Why are they tuned like this? Unlike the rest of strings
Simply put because there aren't any strings made that can go high enough without breaking.
Could this be achieved with the standard set of unwounded strings?
No. Or at least not without sounding terrible and having intonation problems.
Should I increase one octave of the higher paired string or reduce one octave the lower paired string?
Trying to increase an octave of a string will break the string, the guitar or both. Tuning a string an octave below its pitch will result in it being floppy, quiet, with a muddy tone, and to go completely out of tune at the slightest touch
Even if possible, why would doing this could be unideal or discouraged?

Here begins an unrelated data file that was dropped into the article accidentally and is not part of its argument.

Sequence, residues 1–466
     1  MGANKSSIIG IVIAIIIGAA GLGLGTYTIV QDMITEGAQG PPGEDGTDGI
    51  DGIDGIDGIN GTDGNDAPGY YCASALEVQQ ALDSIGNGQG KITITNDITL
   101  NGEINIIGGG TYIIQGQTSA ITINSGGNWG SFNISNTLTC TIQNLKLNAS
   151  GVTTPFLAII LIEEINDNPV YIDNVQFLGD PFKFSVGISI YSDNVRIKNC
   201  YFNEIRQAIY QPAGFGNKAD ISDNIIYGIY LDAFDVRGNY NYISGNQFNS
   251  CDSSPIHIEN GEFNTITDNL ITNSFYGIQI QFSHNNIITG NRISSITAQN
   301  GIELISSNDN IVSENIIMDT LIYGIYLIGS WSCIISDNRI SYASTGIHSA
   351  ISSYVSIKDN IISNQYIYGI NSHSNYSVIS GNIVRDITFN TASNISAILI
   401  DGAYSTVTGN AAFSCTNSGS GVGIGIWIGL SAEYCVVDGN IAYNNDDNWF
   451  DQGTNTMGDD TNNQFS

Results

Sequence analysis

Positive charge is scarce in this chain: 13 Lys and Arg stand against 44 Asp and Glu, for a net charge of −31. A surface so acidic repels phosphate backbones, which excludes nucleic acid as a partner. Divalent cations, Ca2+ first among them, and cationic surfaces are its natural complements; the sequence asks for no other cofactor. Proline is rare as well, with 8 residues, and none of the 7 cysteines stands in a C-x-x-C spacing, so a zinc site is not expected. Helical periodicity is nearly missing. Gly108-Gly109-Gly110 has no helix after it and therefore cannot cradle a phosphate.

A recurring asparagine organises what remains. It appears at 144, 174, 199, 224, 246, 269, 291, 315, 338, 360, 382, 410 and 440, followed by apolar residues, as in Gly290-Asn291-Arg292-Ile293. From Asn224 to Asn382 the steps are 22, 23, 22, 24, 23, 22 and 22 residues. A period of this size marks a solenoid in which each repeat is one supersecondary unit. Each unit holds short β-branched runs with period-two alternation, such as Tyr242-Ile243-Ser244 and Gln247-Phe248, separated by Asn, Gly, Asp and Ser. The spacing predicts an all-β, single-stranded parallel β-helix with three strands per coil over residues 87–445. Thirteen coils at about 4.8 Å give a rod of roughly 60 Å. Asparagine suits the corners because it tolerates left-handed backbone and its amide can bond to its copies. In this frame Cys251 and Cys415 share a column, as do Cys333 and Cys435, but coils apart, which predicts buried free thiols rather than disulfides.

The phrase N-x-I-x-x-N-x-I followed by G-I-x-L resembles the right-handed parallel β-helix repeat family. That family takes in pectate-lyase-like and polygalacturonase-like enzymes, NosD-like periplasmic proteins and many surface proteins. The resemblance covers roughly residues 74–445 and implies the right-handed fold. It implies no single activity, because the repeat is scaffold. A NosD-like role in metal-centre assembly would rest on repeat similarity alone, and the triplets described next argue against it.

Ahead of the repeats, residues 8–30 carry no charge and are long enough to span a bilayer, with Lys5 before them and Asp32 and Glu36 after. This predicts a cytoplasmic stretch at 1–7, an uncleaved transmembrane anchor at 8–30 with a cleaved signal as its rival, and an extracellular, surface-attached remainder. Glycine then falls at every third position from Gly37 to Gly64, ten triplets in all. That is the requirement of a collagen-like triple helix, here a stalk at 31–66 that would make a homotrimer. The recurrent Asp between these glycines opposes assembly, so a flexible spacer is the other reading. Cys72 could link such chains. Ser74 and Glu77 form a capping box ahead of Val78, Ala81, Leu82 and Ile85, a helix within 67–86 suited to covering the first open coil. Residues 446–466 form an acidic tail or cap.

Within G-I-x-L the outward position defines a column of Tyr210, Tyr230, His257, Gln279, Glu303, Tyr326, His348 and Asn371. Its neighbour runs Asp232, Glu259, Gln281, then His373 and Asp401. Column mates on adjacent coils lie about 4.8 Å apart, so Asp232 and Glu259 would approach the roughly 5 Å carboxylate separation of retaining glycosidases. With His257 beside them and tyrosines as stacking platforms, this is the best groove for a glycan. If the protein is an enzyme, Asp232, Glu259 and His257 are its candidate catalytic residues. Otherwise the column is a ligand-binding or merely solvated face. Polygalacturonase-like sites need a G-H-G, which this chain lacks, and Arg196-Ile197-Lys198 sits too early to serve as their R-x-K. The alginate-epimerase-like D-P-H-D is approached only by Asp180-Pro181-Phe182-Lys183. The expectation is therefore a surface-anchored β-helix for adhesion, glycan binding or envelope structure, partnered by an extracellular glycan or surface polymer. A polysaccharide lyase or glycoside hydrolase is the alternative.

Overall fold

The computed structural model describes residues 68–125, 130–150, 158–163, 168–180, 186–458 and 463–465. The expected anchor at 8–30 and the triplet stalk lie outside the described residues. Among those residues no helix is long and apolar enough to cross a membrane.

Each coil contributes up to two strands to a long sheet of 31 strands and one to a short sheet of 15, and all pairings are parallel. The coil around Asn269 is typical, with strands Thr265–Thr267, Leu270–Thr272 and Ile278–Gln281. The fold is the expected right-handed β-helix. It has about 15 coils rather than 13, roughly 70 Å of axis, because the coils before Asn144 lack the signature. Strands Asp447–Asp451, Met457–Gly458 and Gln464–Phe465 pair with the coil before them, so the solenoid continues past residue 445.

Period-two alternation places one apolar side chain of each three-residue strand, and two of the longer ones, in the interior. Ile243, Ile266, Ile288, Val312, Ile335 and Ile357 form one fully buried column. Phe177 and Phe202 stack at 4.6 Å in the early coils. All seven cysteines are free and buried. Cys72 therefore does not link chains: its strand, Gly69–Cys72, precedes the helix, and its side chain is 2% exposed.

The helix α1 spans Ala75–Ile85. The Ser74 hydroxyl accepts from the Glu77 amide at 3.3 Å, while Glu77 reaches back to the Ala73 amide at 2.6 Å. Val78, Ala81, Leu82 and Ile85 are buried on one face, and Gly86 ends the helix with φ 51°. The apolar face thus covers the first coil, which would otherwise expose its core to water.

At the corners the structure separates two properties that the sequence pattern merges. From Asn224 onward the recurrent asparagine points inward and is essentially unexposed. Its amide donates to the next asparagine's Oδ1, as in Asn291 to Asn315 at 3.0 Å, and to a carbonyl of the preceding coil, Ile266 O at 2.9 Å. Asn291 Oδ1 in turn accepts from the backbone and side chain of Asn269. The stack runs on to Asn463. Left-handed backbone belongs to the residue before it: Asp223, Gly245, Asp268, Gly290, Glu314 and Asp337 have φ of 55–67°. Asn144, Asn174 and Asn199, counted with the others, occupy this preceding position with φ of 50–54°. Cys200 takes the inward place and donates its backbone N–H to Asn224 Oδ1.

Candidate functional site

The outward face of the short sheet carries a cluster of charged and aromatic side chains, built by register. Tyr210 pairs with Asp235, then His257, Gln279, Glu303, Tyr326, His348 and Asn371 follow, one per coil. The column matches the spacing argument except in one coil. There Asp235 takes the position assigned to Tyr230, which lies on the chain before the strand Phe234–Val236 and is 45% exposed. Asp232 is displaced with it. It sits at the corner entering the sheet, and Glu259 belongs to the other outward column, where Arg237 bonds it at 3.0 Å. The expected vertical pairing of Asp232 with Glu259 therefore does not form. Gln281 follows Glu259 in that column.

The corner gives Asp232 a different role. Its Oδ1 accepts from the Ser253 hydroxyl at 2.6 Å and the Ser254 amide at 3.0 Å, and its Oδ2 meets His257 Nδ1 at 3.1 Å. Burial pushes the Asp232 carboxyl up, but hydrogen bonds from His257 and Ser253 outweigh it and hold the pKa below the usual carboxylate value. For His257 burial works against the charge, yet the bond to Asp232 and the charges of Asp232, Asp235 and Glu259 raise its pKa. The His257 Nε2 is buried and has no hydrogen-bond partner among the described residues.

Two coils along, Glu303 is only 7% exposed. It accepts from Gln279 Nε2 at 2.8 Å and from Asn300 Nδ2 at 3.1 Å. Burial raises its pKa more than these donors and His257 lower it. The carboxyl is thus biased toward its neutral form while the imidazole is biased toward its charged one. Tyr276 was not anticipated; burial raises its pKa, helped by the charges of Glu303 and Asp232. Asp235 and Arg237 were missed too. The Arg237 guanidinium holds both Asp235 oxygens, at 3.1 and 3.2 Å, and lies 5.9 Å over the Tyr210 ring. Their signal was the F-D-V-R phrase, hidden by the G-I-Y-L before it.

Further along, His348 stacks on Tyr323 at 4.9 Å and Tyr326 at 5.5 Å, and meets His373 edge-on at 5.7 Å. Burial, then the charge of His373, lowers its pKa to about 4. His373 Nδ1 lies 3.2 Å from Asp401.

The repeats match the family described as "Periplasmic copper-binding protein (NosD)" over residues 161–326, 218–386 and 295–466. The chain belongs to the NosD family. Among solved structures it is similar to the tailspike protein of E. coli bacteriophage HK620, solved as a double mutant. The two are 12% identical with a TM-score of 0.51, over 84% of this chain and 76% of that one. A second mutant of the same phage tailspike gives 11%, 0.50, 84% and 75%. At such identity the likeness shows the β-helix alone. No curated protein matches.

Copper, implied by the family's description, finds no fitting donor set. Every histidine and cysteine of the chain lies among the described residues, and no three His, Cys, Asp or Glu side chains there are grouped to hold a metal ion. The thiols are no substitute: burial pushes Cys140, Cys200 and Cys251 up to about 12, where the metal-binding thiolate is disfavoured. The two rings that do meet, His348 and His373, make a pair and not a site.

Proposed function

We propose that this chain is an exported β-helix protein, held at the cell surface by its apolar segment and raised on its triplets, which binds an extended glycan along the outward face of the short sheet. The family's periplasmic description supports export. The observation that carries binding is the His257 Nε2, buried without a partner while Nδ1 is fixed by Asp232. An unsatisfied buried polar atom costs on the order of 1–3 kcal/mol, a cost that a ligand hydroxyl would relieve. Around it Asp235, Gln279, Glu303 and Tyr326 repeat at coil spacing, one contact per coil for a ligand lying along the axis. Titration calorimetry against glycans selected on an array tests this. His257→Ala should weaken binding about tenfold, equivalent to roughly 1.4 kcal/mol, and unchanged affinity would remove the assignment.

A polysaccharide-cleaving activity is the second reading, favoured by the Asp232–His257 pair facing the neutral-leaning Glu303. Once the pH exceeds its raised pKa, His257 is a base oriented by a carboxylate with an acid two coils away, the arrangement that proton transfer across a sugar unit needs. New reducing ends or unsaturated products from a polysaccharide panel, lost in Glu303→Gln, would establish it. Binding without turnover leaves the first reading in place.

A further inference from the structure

Including a 1 octave up b and e could be cool, it's just not really possible on a guitar with a normal scale length. You could include a low b and a low e, but that would then mean that the E and B strings were essentially an octave below the other strings, the B string would now be lower than the G and D string not higher. It's not wrong per se, but it would make a lot of common chord voicings sound very different (and mostly bad), and make playing the guitar well more difficult: you'd've more or less invented a new tuning where the last 2 strings of the guitar are tuned an octave down. Sorta like the opposite of a ukulele...